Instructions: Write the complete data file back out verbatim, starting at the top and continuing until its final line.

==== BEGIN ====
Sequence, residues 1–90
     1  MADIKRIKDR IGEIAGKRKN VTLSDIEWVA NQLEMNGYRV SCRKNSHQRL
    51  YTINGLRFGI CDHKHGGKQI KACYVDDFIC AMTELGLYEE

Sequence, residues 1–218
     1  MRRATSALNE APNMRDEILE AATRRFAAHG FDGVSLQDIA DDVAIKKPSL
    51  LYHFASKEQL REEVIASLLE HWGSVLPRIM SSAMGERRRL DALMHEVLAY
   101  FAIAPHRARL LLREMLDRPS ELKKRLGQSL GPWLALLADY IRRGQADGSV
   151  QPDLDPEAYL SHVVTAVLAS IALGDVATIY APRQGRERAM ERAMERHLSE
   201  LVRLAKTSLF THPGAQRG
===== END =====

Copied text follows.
Sequence, residues 1–90
     1  MADIKRIKDR IGEIAGKRKN VTLSDIEWVA NQLEMNGYRV SCRKNSHQRL
    51  YTINGLRFGI CDHKHGGKQI KACYVDDFIC AMTELGLYEE

Sequence, residues 1–218
     1  MRRATSALNE APNMRDEILE AATRRFAAHG FDGVSLQDIA DDVAIKKPSL
    51  LYHFASKEQL REEVIASLLE HWGSVLPRIM SSAMGERRRL DALMHEVLAY
   101  FAIAPHRARL LLREMLDRPS ELKKRLGQSL GPWLALLADY IRRGQADGSV
   151  QPDLDPEAYL SHVVTAVLAS IALGDVATIY APRQGRERAM ERAMERHLSE
   201  LVRLAKTSLF THPGAQRG